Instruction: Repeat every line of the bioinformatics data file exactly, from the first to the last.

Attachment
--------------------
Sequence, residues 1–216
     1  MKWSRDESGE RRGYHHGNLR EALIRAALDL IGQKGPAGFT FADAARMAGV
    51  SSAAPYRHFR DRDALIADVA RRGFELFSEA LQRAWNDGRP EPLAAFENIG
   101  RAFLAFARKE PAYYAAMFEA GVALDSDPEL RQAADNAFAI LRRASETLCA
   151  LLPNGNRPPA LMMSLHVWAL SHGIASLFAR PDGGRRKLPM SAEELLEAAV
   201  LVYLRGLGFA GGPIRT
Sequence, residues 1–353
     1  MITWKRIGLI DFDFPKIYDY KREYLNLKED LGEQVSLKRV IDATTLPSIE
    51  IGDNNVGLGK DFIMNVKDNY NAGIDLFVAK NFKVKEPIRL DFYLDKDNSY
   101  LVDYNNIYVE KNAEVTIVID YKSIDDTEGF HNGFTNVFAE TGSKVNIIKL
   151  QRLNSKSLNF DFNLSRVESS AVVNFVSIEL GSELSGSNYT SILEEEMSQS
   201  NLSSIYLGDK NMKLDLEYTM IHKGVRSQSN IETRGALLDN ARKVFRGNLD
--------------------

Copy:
Sequence, residues 1–216
     1  MKWSRDESGE RRGYHHGNLR EALIRAALDL IGQKGPAGFT FADAARMAGV
    51  SSAAPYRHFR DRDALIADVA RRGFELFSEA LQRAWNDGRP EPLAAFENIG
   101  RAFLAFARKE PAYYAAMFEA GVALDSDPEL RQAADNAFAI LRRASETLCA
   151  LLPNGNRPPA LMMSLHVWAL SHGIASLFAR PDGGRRKLPM SAEELLEAAV
   201  LVYLRGLGFA GGPIRT
Sequence, residues 1–353
     1  MITWKRIGLI DFDFPKIYDY KREYLNLKED LGEQVSLKRV IDATTLPSIE
    51  IGDNNVGLGK DFIMNVKDNY NAGIDLFVAK NFKVKEPIRL DFYLDKDNSY
   101  LVDYNNIYVE KNAEVTIVID YKSIDDTEGF HNGFTNVFAE TGSKVNIIKL
   151  QRLNSKSLNF DFNLSRVESS AVVNFVSIEL GSELSGSNYT SILEEEMSQS
   201  NLSSIYLGDK NMKLDLEYTM IHKGVRSQSN IETRGALLDN ARKVFRGNLD